'Til the butter melts

Pursuing the cruising dream in 32' of sailing ketch

Ready, and waiting…


Sionna is as ready as we can make her right now – And that’s ready enough.

The work list for launching has been staggeringly long this time, and it’s all due to that sun that we love so much, that we yearn for when those northern nights get long and the temperature drops. Sun is hard on a boat.

Paint that looked fine 2 years ago is coming off in patches, and – as I’ve previously posted – there are signs of interior damage to the fiberglass deck, corrosion of hidden fasteners, leaks where rainwater can seep in below, etc. Sionna is still structurally sound, yes: no worries there right now. But it’s also clear that the work we’ve done this last two weeks – while enough to make us safe and comfortable – is only the beginning of what we’ll need to tackle in the near future. It’s time our 57-year-old darling had a refit.

“What’s a refit?”, you ask?

Basically it’s an overhaul. An inspection and reworking of anything you see – or can’t see – that might effect her long-term soundness and servicability. In our case, we’ve identified several areas that we need to address, but chief among those is the joint between hull and the deck. This is a critical join in any boat, and we see evidence in several areas that the bronze screws that hold that seam together are becoming weaker with age. That’s no surprise, in a boat that’s seen over a half-century of service, but it is also a big deal to address. From here, I’d say that Sionna will likely miss an entire sailing season once we get her home.

But in the meantime we’ve just finished moving all our gear back aboard (above is but one of several loads!), and just yesterday we had our first meal in the cockpit! Granted the ambiance of the boatyard lacks a certain “something”, but at was a step in the right direction, at least.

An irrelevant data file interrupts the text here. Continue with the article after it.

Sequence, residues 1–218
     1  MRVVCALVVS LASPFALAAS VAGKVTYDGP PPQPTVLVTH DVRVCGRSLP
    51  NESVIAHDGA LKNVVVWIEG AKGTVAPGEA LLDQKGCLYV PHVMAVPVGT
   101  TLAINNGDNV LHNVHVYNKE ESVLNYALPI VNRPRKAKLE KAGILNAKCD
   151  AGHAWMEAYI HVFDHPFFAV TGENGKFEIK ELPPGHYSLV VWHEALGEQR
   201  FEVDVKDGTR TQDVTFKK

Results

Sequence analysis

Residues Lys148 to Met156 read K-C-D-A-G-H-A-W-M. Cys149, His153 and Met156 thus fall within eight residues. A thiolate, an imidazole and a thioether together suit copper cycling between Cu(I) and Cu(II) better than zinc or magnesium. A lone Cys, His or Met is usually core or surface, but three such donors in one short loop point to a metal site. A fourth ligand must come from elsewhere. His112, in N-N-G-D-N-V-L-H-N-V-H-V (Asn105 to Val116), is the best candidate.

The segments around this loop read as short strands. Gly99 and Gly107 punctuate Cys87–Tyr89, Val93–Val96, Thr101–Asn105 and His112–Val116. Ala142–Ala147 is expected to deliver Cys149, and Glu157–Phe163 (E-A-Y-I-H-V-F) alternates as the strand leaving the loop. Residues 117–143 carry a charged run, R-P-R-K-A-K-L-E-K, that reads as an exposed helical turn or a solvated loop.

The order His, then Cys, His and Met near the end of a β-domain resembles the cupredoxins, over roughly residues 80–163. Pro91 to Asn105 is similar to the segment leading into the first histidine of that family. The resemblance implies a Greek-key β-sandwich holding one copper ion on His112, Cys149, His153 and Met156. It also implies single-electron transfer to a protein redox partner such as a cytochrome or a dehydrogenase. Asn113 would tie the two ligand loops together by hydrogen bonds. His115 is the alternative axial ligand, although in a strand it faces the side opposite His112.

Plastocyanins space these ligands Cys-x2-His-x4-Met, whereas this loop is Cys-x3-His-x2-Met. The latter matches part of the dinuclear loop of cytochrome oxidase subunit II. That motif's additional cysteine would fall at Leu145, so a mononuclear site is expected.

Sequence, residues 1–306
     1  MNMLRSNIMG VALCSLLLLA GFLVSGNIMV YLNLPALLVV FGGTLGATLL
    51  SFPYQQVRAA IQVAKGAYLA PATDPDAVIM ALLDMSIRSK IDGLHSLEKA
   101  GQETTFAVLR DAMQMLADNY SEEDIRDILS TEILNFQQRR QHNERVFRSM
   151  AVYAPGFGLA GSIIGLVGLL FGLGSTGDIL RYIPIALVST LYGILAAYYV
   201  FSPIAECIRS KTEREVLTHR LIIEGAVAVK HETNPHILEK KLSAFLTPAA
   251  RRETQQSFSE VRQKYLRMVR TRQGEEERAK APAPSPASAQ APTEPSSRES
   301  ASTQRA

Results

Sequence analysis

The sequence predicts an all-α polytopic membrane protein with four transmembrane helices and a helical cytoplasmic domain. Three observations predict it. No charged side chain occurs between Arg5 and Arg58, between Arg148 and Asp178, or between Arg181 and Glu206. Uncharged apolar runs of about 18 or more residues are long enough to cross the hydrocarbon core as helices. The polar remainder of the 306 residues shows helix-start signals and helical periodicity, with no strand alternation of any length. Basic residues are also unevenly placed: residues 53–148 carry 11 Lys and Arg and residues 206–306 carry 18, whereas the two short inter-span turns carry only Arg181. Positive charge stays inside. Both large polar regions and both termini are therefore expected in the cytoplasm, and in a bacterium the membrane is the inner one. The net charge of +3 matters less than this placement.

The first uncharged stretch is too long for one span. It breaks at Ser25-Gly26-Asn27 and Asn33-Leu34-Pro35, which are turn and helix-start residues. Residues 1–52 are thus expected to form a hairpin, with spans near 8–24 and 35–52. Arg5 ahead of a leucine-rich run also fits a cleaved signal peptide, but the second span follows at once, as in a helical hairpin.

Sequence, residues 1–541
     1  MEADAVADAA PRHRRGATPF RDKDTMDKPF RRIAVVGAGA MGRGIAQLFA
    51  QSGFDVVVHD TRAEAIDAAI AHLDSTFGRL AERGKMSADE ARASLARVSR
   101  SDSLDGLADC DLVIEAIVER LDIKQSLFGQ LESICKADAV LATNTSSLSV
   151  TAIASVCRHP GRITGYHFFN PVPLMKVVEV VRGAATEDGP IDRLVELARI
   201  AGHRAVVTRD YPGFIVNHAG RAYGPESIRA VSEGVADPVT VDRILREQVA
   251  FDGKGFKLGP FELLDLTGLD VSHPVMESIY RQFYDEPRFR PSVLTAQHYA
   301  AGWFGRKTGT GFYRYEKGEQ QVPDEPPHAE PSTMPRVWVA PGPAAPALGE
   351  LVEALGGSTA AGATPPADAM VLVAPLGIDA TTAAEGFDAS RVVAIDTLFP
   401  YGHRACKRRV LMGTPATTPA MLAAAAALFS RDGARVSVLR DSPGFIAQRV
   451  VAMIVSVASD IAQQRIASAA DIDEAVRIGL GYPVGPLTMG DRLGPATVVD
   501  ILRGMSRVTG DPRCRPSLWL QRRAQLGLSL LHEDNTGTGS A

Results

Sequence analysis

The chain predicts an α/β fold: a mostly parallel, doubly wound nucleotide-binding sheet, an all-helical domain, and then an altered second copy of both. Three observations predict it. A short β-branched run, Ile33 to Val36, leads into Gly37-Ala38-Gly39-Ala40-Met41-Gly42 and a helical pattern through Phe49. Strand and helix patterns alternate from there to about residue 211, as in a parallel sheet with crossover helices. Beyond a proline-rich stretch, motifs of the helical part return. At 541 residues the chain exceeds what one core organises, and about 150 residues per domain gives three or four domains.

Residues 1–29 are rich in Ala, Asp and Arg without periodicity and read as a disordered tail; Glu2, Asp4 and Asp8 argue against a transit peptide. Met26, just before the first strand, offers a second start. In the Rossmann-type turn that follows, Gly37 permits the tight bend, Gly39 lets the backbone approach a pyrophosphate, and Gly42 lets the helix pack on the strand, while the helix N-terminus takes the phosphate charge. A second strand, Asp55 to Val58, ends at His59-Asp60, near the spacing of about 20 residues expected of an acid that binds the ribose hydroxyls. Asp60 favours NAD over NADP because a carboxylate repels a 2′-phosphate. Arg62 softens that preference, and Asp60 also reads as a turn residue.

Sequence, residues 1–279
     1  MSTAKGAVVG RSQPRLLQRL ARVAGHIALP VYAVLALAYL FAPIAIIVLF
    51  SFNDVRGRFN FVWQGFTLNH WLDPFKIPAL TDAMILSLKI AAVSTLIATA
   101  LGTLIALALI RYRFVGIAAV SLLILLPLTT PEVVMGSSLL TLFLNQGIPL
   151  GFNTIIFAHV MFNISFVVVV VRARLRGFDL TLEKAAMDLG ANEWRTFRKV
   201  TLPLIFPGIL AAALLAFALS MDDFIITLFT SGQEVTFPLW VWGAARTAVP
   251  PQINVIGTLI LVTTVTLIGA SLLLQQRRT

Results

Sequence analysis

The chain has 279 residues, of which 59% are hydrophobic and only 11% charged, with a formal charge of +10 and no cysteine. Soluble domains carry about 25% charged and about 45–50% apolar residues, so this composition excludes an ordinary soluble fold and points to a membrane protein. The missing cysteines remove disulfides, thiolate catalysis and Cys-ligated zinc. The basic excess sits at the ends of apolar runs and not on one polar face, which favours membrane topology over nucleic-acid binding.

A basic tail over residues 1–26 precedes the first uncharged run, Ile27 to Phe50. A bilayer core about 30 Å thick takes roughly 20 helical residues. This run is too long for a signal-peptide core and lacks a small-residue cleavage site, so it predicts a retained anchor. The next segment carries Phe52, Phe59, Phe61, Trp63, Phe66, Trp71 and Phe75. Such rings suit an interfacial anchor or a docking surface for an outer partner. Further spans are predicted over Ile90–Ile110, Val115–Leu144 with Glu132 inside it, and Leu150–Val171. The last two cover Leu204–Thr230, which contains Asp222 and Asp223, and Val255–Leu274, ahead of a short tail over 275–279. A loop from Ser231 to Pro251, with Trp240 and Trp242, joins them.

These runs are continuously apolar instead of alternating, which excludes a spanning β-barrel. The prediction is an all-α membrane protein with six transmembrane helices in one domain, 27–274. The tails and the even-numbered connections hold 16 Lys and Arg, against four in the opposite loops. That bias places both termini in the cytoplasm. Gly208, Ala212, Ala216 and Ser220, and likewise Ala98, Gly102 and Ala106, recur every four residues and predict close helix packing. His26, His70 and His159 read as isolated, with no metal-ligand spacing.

Our launching has been delayed twice: First due to the need for a little extra time with family (which thankfully took the pressure off the boat work), and the second – today – because of high winds, which made transporting the boat overland, and then lifting her in slings, seem like a risky proposition. So now we’re scheduled to hang in the slings on Monday afternoon, and splash on Tuesday morning.

If all goes as planned! But of course this is cruising, so we’re not holding our breaths.

Fingers crossed for a launching on Tuesday! This boatyard living really is the blues…

Author: s/v sionna

Living the dream in 32'. We left Maine on August 18th, 2016, and have gradually worked our way south until we felt warm enough. After spending the summer in Maine, working to replenish the cruising kitty, and rehabilitating an old house. we’re headed back on the boat, bringing Sionna back home to northern waters. Follow our blog here!

4 thoughts on “Ready, and waiting…

  1. Are laid-up boats ever covered down there, the way they seem to like to shrink-wrap them up here?


    • Occasionally they have shade cloth over them, like you see over a greenhouse. We did that the first summer. But even that traps enough moisture-rich air to turn your boat into a petri dish of mold.


      • Yeah, I guess Maine winter air isn’t all that moisture-rich – different climates, different troubles…

        Liked by 1 person

      • Exactly. We’ve heard the horror stories about “northerners” who insist on covering their boats – or cars- with tarps when they leave, and the mess they find when they return. You have to let things breathe…


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